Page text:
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The Karate Kid Part 2
1986 - PG - Mins.
Director: John G. Avildsen
Starring: Ralph Macchio, Noriyuki Morita, Martin Kove, Tamlyn Tomita, Clarence Gilyard Jr.
Review by: John Ulmer
   
When John G. Avildsen's "The Karate Kid" was a smash hit, the fact that a sequel would be made was inevitable. Perhaps even a trilogy would form. A totally unnecessary trilogy, but a trilogy nevertheless. Well, there were three sequels made - "The Karate Kid, Part II," "The Karate Kid, Part III," and "The Next Karate Kid," each installment worse than the last entry.

The point of the first movie was stressed clearly without becoming too overbearing. Violence is wrong. Right, right, right - we've heard it before. Of course, self-defense is fine when used correctly, but nonsensical violence is criminally and morally wrong.

That's sort of forgotten in "The Karate Kid, Part II," which stumbles along and runs into major problems. One, the script - it's weak. Two, the acting - it's stiff. Three, the actual story and scenes within the film - all idiotic. Take, for example, the end of the film, when a Chinese girl is performing some ancient dance and a disowned martial arts expert swings from the top of the stadium down a cable, landing next to the girl and holding a knife to her throat. "Behind you!" Daniel (Ralph Macchio) yells helplessly as he jumps into the sand pit before him and proceeds to battle the martial artist. (Is that a word? And what's the difference between martial arts and karate? Never mind, don't answer that.)

No one offers any sort of help as Daniel is beaten to a bloody pulp. None whatsoever. They just sit around and watch with fixated smiles on their faces, forgetting that their characters call for them to be scared and not to be happy that they are getting not even fifteen minutes of fame out of the deal.

A small complaint? Perhaps, but pretty much all of the film contains these children's fantasy ideas that a boy such as Daniel may dream of during his sleep. In fact, perhaps this sequel is all one big hallucination - perhaps Daniel, after a tough karate match, was knocked out. He's laying in a hospital, dazed and confused, unconscious and lost in a deadly coma. It's the easiest way to create a half-baked sequel, so pay attention, scriptwriters.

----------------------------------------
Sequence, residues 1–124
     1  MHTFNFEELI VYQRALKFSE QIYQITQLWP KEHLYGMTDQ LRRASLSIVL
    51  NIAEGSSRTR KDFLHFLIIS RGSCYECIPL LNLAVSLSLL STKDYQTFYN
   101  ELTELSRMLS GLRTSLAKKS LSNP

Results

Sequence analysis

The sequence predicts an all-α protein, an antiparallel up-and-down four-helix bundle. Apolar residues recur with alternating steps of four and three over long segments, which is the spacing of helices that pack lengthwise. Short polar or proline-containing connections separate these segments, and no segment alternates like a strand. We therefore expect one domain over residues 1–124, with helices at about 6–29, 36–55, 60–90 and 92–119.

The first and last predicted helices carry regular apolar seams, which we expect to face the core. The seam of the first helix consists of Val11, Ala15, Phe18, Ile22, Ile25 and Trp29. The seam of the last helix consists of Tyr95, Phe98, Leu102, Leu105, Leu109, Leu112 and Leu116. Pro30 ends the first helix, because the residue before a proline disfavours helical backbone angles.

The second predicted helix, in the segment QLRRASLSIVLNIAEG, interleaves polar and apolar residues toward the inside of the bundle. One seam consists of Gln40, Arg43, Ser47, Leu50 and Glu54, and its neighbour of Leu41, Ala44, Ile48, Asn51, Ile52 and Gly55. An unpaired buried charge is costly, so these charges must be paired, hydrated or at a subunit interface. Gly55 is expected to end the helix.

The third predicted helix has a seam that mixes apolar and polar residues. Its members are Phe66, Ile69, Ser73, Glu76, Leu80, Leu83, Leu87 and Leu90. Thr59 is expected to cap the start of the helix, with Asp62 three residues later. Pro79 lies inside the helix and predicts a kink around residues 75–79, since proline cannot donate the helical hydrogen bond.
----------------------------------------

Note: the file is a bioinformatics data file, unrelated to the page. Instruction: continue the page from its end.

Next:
Daniel has gone back to Mr. Miyagi's ("Pat" Morita) country of origin, China, and now he's getting into fights with an old adversary of Mr. Miyagi. There's not much more to tell you than that - unless, of course, you would like to know that the mandatory girlfriend appears for Daniel (a Chinese chick, of course), and that the adversary's niece is Daniel's foe.

Great stuff.

Not.

I really liked the first "Karate Kid" movie, but this is pushing it. The third film was absolutely appalling, the fourth a total mess. The second is below average and quite mediocre. I'd call it an uncredited rip-off of "Rocky" if not for the fact that the director of the film, John G. Avildsen, happens to be the director of "Rocky," among other films. His expertises are these underdog flicks. Unfortunately, despite having a strong predecessor and possible character developments in store, "The Karate Kid, Part II," offers nothing new to the series. And, needless to say, either will the following two sequels.

Ralph Macchio is fine, Pat Morita is still the same, but the film is too goofy and unreal to appreciate. It's a weak example of filmmaking. It's not even that fun to watch - whereas the first film sort of had the viewer attached to the screen, this one makes you want to walk away and not pay attention to it at all.

Perhaps the only positive thing to say about this movie is that it is the best of the sequels. But that's really not saying very much at all, is it?
 
Movie Guru Rating
Disappointing.  Had the right ingredients and should have been better. Disappointing.  Had the right ingredients and should have been better.
  2 out of 5 stars

 
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